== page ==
Like the Australian, 2014 US Open champion Marin Cilic also lost in the first round, to world No. 17 Grigor Dimitrov.
Cilic, who headlines the Singapore Tennis Open, highlighted the financial ramifications of Covid-19, especially on lower-ranked players.
When asked for his reaction to some players calling for alternatives to strict quarantine measures, the 32-year-old Croat, who has also reached the final of the Australian Open and Wimbledon, said: "The concern of the players was that the prize money in the (ATP) 250, 500 tournaments went considerably down and expenses for the players are still the same.
"They're still travelling, doing the protocols and stuff and a lot of players are struggling financially. They are putting everything on paper, a lot of them are losing money...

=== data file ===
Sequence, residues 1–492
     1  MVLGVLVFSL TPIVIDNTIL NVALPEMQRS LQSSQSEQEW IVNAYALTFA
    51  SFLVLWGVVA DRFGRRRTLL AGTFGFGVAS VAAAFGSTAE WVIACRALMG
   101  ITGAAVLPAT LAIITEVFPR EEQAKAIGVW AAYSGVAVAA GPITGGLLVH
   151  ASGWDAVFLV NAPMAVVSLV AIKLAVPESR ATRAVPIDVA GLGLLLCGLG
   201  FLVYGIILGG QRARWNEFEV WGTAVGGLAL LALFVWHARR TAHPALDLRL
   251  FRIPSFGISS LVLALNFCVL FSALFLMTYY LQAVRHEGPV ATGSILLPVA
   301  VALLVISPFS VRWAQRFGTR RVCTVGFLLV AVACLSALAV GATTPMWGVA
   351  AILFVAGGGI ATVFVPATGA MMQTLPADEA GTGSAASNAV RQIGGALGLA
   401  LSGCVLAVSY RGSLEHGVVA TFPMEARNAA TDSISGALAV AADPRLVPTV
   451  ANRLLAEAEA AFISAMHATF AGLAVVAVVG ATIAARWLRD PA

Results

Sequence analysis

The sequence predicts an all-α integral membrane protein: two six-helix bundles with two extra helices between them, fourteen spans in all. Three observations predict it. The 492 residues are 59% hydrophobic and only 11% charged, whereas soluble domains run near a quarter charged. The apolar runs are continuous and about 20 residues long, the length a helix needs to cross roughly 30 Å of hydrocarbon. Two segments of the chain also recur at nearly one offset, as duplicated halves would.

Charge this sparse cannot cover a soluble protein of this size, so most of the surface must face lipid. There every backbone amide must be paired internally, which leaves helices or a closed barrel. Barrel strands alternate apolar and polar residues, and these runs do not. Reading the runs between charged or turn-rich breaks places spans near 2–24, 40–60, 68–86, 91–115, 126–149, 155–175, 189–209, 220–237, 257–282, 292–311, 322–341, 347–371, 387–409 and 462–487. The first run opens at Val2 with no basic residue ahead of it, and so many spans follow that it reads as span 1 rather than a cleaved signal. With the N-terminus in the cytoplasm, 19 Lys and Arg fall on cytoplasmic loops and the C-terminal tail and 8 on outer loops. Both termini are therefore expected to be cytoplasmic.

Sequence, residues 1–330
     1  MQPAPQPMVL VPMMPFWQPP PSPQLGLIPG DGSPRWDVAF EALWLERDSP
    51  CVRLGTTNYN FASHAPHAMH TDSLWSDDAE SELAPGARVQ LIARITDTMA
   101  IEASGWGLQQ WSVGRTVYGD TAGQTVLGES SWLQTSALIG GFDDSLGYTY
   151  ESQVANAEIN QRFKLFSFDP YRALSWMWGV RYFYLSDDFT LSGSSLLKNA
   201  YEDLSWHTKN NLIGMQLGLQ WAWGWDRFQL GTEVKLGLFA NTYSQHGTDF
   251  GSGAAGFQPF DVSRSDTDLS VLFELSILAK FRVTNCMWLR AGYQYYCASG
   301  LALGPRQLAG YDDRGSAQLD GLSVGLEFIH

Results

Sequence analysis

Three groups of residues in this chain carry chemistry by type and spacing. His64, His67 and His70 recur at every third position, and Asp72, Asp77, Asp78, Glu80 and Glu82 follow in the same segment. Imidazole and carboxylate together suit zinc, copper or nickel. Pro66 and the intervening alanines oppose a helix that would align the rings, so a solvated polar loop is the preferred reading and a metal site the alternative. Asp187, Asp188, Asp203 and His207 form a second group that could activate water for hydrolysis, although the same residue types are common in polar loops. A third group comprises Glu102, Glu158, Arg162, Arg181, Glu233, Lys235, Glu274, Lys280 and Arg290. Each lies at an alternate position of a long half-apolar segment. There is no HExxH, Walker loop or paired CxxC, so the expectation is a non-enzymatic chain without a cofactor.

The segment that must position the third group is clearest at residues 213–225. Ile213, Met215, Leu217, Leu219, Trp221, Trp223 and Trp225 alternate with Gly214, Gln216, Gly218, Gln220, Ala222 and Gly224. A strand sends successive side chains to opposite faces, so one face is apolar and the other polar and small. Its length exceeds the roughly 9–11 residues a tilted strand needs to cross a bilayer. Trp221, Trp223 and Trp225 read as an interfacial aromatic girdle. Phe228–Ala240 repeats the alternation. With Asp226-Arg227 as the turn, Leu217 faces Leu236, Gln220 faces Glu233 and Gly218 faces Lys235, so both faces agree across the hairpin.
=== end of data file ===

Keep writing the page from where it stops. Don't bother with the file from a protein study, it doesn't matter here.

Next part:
"There needs to be, in my own sense, a little bit better communication with the ATP (on) how to resolve these issues."
Cilic and Millman were not in action at the OCBC Arena yesterday, as the top four seeds were given first-round byes.
Cilic will kick off his Singapore Tennis Open campaign against Japan's Daniel Taro, who beat India's Ramkumar Ramanathan 6-3, 6-7 (3/7), 6-3 yesterday.
Millman will face the winner of the clash between Yuki Bhambri and Matthew Ebden.
Marin Cilic: I have another four or five good years in me
Former US Open champion Marin Cilic may not have won a tournament since June 2018, but the 32-year-old believes he has "another four or five good years" left in the tank and has the potential for "some great improvements".